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Why We Sabotage Our Own Success

"Why We Sabotage Our Own Success" by Amy Eliza Wong, Life Coach in the Sacramento, CA area

We say we want to lose weight, yet the scale isn’t budging.

We want to spend more time with our friends, however, there’s never enough time.

We told ourselves that we’d feed our creativity and finally start those creative writing/tennis/salsa/piano lessons but haven’t pulled the trigger.

Conflicting Commitments

It’s a simple concept that clears up confusion on why we don’t end doing what we say we’re committed to doing. It seems pretty obvious, but we rarely work it all the way through. Knowing what’s going on in the background can help us understand why we behave in ways that undermine our own success.

Is it laziness? Procrastination? Lack of willpower?

No, not usually. Here’s why: everything we do – every thought, word, and action that arises from us – serves us in some way. There is nothing we do that doesn’t align to some commitment we’re holding.

“What?? How does overeating serve me?”

Some commitments we hold aren’t always beneficial even though they serve us. Commitments like playing safe by not speaking up or complaining to justify one’s circumstances are the types of commitments that compete with desired commitments such as being powerful or accountable.

This is where awareness makes a big difference. The trick is to get crystal clear on how a competing commitment is getting in our way of success and then deciding if it’s worth holding onto.

Ask These 5 Questions when you find yourself doing exactly the opposite of what you’d like to be doing.

    1. IDENTIFY THE COMPLAINT/PROBLEM: What would need to be different in order for you to be more satisfied? I feel heavier than I’d like. I wish I could drop some weight.

 

    1. IDENTIFY THE DESIRE: What does your complaint imply that you’re really committed to? Health, vitality, and youthfulness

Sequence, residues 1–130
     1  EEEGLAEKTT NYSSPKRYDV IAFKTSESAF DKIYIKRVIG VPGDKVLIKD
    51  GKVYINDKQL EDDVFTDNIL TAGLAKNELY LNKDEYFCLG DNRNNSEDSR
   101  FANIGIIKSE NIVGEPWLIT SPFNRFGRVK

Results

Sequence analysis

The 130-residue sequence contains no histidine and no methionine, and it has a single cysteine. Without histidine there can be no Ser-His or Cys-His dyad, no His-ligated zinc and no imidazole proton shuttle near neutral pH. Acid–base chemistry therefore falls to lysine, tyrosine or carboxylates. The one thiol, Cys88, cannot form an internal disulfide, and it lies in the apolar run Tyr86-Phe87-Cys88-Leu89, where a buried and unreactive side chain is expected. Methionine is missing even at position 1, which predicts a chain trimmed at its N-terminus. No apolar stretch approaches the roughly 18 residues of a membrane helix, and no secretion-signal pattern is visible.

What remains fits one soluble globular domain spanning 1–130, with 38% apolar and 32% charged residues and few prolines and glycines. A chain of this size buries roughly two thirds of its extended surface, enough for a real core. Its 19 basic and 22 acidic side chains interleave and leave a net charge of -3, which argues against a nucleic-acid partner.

1. IDENTIFY SABOTAGING DECISIONS: What are you doing, or not doing, that’s preventing you from fully aligning with this commitment? Eating sweets late at night, snacking between meals, oversized portions

 

    1. IDENTIFY THE CONSEQUENCES: If you imagine doing the opposite of these sabotaging behaviors, what fears, concerns, or dread arise? Restriction. I dread the misery that comes from avoiding food I love.

 

  1. PINPOINT THE CONFLICTING COMMITMENT: Using my sabotaging behaviors, what worrisome outcome am I committed to preventing? I’m committed to preventing misery in my daily life. I’m more committed to the pleasure food affords me than to the idea of having optimal health, vitality, and youthfulness.

Here’s when we examine the underlying, usually subconscious, belief that keeps this conflicting commitment going strong. In this case, there is an underlying belief that health, vitality and youthfulness equate to misery, and so preventing misery wins. The belief is simply, “It’s just not worth it.

This examination can do wonders.

Many people struggle with self-sabotage because they believe they just don’t have the necessary discipline or determination in order to succeed. The good news is that we have everything we need to thrive. We just have to acknowledge and release the commitments that contradict what we really want.

Bottom line: If you’re stuck wondering why you keep doing the opposite of what you intend, check this 5 step process out. See if there is some undiscovered conflicting commitment getting in your way. Simply acknowledging what you’ve unknowingly been holding onto is sometimes all that’s needed to pave the way to true change.


Amy Eliza Wong is a life coach, writer, and speaker in the Sacramento, CA area committed to helping people figure out what makes them tick so they can finally live with joy and real purpose. Learn more about working with her.

4-Step Process to Resolve Conflict Quickly

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